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Monday, 21 January, 2002, 17:46 GMT
Questions loom large in Italian smog
Car-free road with cyclist in Milan
Can Italians be persuaded to leave their cars at home?
By the BBC's Frances Kennedy in Rome

As smog hangs thick over northern cities, Italians have embarked on a desperate quest for cleaner air.

But there is also talk of a kind of cultural revolution - of changing lifestyles and luring Italians out of their cars.

Under emergency measures taking effect on Tuesday, drivers in Milan and other cities across the wealthy Lombardy region will only be allowed to use their cars every other day.

Old people have been told to stay inside, parents not to use pushchairs, people with bronchial diseases to leave town, and joggers to keep fit some other way

The measures, which are also being applied in cities in Piedmont and Emilia Romagna, are a response to the long and dry cold spell that has sent pollution levels in northern Italian cities soaring, in some cases to four times above the alarm level.

If these steps fail to bring down the level of pollutants and there is no rainfall, Milan may face a total ban on private cars on a working day later this week.

For a city with an estimated 800,000 commuters, the implications are staggering.

The "emergenza smog," as it is dubbed, has been a headline story in all national newspaper and TV news bulletins for two weeks.

Old people have been told to stay inside, parents not to use pushchairs because they place children at exhaust pipe level, people with bronchial diseases to leave town, and joggers to keep fit some other way.

But there is growing talk about the need for people to change their lifestyles.

Ending the Italians' love affair with their cars will not be easy

Lombardy President Roberto Formigoni now says a cultural revolution is needed - different working hours, different habits, staggered school opening times to keep transport flow as fluid as possible.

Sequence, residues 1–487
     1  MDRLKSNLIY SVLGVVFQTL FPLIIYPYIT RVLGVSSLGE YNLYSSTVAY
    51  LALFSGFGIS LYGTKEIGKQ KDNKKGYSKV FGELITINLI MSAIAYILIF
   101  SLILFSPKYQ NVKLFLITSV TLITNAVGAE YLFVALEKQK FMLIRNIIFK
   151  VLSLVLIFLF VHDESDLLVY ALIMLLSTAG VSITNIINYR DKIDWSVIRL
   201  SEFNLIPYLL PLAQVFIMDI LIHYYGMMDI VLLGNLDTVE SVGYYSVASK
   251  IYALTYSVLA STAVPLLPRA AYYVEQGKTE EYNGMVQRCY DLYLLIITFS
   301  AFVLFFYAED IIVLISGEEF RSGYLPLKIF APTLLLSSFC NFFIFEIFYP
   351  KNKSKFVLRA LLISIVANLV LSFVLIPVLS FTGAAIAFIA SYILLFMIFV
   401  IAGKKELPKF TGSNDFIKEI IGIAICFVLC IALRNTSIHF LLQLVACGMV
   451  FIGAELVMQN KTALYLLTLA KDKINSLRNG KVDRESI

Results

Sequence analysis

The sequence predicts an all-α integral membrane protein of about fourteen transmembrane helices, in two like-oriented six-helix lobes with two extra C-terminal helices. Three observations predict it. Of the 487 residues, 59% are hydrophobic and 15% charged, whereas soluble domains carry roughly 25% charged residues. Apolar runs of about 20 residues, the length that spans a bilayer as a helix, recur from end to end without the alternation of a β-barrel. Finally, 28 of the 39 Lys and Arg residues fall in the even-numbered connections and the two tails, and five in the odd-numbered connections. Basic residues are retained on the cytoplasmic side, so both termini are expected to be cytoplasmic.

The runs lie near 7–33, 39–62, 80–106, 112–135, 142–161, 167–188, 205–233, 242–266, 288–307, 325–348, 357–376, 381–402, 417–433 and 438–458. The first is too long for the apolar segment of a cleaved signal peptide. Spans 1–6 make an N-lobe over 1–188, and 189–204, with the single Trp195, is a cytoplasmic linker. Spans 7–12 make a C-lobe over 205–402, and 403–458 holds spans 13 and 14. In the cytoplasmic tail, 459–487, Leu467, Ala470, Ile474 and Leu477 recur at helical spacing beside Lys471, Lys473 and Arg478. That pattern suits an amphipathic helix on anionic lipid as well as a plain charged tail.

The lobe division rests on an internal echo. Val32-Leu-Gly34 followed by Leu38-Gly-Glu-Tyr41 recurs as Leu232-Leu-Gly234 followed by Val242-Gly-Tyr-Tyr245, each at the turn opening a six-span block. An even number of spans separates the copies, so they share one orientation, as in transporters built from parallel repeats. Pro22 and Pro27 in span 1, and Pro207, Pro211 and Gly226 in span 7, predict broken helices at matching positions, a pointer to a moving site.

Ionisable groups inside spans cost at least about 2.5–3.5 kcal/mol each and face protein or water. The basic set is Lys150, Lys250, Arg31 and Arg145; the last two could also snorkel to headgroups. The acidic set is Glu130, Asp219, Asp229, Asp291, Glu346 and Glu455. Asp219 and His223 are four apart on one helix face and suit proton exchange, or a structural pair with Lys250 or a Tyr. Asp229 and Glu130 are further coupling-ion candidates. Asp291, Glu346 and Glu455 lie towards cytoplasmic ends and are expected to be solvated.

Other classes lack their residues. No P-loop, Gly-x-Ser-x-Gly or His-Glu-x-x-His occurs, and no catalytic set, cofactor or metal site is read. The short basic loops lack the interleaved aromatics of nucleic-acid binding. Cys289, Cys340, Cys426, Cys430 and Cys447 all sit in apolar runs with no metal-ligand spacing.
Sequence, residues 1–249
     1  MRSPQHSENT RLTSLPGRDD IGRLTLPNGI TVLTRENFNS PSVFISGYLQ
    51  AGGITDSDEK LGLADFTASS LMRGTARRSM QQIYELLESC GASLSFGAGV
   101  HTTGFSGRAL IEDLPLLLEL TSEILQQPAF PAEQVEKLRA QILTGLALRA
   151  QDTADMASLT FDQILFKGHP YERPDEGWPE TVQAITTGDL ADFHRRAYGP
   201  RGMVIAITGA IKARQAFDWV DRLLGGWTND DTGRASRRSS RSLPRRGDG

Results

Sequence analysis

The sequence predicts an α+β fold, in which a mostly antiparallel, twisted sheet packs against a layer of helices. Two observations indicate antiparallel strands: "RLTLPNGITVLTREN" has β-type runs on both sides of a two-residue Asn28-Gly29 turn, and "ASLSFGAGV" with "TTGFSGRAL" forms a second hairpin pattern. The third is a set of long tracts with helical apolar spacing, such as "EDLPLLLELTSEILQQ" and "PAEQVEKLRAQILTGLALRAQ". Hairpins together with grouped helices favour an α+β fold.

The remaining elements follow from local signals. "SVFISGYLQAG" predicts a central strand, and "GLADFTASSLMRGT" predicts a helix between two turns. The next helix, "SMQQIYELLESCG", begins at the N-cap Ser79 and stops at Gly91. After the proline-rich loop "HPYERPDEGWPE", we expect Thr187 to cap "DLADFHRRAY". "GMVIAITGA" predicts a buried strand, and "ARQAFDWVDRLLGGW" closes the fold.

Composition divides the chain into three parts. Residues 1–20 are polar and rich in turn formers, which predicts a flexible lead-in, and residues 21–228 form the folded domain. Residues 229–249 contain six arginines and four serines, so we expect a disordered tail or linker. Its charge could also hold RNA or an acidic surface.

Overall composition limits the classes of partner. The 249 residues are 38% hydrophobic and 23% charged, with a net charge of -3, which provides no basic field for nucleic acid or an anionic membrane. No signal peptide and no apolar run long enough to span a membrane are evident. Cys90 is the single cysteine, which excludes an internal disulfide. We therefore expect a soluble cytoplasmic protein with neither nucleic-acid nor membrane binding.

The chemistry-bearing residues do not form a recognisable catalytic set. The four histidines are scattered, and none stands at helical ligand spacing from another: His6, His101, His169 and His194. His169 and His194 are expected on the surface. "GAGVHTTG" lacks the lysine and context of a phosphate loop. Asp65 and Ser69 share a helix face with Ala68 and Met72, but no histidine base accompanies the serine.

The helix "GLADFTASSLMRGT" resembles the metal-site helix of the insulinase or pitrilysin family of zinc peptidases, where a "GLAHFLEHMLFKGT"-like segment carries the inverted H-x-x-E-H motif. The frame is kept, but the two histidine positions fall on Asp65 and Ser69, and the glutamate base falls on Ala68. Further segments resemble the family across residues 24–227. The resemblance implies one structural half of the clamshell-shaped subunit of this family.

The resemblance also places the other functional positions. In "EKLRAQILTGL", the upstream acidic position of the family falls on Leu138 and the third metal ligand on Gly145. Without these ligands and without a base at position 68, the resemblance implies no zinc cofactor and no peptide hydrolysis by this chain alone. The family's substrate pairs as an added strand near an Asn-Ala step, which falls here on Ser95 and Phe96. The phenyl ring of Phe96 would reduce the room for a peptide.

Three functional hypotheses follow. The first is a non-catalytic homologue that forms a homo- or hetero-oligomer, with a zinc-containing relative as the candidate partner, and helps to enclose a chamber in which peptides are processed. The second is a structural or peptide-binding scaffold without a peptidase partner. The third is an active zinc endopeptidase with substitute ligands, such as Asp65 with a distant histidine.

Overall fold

An opinion poll showed strong support for car free Sundays, and a growing awareness of the risks to health unless concerted action is taken.

More cars than children

But ending the Italians' love affair with their cars will not be easy.

The Environmental League, Legambiente, says that for every one new child born here, four new cars are registered.

For decades Italian city dwellers have had a cast iron alibi - the deplorable state of public transport

It also estimates that the average Italian spends seven years of his life stuck in traffic.

For decades Italian city dwellers have had a cast-iron alibi - the deplorable state of public transport, especially in the metropoli. But the service has improved significantly in recent years, though it still falls behind other many European countries.

The introduction of pay parking for large tracts of city centres has also helped starting to wean people off their cars.

Efforts to introduce pedestrian zones in the centre of major Italian cities have, however, been hesitant - even when local referendums showed strong public support.

Car sharing

Complaints from retailers and other lobbies have frequently seen the pedestrian zones rolled back, or reduced to just a few hours a day.

Cyclists complain that the absence of ample safe cycling lanes means they only use their bikes at the weekend.

However the concept of car pools has, to date, never caught on - partly because of the individualism of Italians, but partly because such clean air strategies were not facilitated by the powers that be.

The latest example of this is the increase of the price of bus tram and metro tickets in Milan to coincide with the arrival of the euro.

See also:

21 Jan 02 | Europe
Italian cities fight smog
22 Sep 00 | Europe
Europeans leave cars at home
06 May 99 | Medical notes
Exhaust emissions
02 Aug 00 | Health
City dwellers 'dying younger'
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